Erika: Those are shocking numbers. Are there any current legal safeguards for the mother at this point? Is there any limit to how this drug can be used?
Erik: There are very few limits. There’s no age restriction or minimum. So any girl of any age—a 13-year-old girl or a 15-year-old girl—can obtain these drugs without parental consent and without seeing a doctor or medical professional. They can get these without any medical supervision. This drug essentially induces labor and delivery and women are being advised by the abortion industry to do this in their own bathroom, in a hotel room,in a dorm room without any medical supervision and sometimes without any support. Inducing labor and delivery of a baby upwards of 10-weeks, sometimes even longer, is highly dangerous and in many ways very traumatic for the woman to go through. There are very few limitations or restrictions left, but it’s basically paperwork for the prescriber to go through with the drug manufacturer, or for the pharmacy to ensure that whoever is calling them is certified to dispense and prescribe these drugs. And finally for the woman, to sign a patient agreement form and give informed consent that she understands the dangers of these drugs. And unfortunately, the FDA has minimized the dangers of these drugs and the potential complications such that this patient agreement is sometimes not as robust as it should be to where the woman frankly can’t give informed consent because there’s no information that would inform that consent.
Some pro-abortion states are seeking to remove those few basic restrictions remaining, but as of now those are the few restrictions remaining, which are very minimal in our eyes.
Erika: Let’s dig into the case. Just some background for the listeners: Last November, November 2022, ADF filed a federal lawsuit in the U.S. District Court for the northern district of Texas, based out of Amarillo, against the FDA on behalf of the Alliance on Hippocratic Medicine and Catholic Medical Association, among others. What exactly did your suit challenge, how were you able to bring it, and why Amarillo, Texas?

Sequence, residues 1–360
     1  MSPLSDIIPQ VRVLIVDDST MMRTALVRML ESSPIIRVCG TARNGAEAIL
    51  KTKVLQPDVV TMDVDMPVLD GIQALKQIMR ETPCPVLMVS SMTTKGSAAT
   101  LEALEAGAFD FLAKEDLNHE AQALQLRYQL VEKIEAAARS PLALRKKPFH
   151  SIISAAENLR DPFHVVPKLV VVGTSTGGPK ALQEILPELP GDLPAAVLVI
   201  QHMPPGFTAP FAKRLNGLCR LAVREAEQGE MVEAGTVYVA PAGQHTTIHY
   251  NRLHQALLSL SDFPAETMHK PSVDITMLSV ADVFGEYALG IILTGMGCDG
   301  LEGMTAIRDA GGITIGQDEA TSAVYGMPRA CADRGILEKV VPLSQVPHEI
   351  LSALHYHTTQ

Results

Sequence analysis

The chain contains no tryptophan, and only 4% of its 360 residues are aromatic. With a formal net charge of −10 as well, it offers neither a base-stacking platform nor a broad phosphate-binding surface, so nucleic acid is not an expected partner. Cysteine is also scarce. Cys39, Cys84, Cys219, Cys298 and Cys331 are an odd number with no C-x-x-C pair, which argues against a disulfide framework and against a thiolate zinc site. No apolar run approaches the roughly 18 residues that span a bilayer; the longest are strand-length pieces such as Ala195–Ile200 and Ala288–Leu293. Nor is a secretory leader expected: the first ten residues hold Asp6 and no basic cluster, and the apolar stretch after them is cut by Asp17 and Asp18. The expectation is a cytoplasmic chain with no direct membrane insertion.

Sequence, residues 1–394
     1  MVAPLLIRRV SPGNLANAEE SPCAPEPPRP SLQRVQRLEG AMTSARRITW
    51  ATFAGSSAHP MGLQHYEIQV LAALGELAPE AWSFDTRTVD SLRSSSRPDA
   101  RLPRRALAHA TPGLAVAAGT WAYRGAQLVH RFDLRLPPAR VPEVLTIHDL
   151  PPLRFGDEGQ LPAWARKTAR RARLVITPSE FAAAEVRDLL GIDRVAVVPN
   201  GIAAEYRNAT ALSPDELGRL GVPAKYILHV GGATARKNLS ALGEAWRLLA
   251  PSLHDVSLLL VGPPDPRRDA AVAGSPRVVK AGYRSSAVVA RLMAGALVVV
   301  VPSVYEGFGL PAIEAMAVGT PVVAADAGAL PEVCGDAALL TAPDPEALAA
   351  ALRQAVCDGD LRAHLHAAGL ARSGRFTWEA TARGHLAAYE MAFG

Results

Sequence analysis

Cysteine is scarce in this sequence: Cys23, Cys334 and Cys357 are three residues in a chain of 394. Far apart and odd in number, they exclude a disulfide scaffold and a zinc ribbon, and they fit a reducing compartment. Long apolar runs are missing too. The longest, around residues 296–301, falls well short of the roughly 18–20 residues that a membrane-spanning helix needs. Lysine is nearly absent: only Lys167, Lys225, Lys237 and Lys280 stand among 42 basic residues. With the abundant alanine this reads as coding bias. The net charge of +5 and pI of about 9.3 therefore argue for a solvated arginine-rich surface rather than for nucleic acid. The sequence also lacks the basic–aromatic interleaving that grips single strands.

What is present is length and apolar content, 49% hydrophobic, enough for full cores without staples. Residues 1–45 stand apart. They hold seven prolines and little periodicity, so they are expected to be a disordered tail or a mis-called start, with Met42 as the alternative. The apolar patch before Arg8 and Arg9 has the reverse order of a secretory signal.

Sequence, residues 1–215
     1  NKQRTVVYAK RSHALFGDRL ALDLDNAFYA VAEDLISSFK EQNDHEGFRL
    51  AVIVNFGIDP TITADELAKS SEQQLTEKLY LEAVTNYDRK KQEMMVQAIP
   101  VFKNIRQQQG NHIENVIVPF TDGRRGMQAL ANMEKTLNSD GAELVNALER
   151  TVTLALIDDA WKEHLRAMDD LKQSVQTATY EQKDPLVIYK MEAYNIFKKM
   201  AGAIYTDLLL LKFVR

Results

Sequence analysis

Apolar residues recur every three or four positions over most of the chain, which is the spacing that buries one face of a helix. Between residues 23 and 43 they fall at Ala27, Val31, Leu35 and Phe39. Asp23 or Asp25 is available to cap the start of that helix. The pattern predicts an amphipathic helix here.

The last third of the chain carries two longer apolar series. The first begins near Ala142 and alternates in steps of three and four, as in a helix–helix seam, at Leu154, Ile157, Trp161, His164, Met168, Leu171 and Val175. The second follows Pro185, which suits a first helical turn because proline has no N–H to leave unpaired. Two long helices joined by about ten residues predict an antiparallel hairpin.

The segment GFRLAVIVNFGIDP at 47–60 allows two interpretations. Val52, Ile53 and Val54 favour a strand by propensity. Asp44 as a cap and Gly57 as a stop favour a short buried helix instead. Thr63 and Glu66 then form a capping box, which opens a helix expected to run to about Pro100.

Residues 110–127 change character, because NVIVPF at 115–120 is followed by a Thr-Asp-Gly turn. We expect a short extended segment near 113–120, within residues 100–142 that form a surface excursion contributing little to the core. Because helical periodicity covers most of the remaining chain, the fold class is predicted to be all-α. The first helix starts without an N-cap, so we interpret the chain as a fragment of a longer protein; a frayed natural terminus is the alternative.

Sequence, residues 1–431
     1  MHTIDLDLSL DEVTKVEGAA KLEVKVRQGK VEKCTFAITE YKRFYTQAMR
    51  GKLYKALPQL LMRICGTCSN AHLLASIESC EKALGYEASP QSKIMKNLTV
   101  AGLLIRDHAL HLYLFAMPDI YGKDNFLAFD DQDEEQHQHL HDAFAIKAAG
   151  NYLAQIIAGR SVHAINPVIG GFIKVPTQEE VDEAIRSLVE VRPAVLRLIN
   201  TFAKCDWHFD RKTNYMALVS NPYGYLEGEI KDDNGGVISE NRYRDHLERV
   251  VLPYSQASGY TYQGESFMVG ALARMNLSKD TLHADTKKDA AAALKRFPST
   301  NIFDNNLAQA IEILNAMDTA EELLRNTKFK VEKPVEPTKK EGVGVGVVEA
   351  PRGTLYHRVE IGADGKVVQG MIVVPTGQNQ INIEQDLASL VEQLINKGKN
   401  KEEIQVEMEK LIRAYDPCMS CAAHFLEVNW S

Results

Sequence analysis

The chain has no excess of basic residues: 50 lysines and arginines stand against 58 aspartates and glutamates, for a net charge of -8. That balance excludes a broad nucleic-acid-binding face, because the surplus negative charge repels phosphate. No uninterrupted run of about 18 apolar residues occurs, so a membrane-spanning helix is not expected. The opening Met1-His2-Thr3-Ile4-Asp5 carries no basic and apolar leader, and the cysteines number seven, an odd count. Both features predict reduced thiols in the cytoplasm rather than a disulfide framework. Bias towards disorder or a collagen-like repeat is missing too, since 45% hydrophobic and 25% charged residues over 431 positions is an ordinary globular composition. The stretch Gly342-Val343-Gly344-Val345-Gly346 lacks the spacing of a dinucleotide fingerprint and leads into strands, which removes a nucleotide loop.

Erik: We are putting everything the FDA has done to approve and deregulate abortion drugs before the court. I’ll give you a little history of what the FDA did over the years that is subject to our litigation. People may have heard about mifepristone in another form. I kind of came of age in the 1980s and 1990s and we heard this drug that came from France called RU-486. That’s mifepristone but that was the name it is was given in France. There was talk about bringing it to the United States in the early 1990s and finally when President Bill Clinton assumed office, on his second full day as president that’s exactly what they did. He directed his cabinet to find ways to bring RU-486 – mifepristone – to the United States. And that’s exactly what they did. First they had to strong-arm the French manufacturer, which wanted no part of the U.S. market, to donate for free the U.S. rights for the drug to an entity known as the Population Council. The Population Council, as you might guess, is actually interested in population control, so they got rights to this drug and then submitted a new drug application with the FDA. The FDA then worked hand-in-hand with the Population Council to get this drug approved. Because, even then, the FDA recognized the inherent danger associated with these drugs. The FDA wanted to put some post-approval restrictions on the distribution of this drug, and appropriately so, but to do so they had to use its fast track approval authority. And that authority was very limited. Initially it was intended for AIDs patients and cancer patients so they could receive life-saving and life-affirming drugs. Here, what the FDA had to do was call pregnancy an illness and then argue that chemical abortion drugs provide a meaningful therapeutic benefit for women and girls who take them. Those are simply false statements and we’re presenting that to the court.